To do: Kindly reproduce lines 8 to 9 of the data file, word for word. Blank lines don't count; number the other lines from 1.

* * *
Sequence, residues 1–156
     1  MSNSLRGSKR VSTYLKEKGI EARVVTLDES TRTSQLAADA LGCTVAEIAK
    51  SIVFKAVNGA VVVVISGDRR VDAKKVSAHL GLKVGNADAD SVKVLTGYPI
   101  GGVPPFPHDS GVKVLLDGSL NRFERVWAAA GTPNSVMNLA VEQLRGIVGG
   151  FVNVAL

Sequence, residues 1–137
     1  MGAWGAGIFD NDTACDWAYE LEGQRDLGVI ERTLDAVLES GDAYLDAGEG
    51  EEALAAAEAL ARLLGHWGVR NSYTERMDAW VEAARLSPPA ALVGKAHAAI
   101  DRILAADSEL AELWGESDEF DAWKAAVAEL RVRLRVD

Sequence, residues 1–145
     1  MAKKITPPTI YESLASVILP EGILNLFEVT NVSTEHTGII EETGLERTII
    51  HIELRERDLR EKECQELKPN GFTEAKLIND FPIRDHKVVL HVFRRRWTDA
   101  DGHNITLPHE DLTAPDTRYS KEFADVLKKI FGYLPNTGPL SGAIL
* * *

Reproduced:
    51  EEALAAAEAL ARLLGHWGVR NSYTERMDAW VEAARLSPPA ALVGKAHAAI
   101  DRILAADSEL AELWGESDEF DAWKAAVAEL RVRLRVD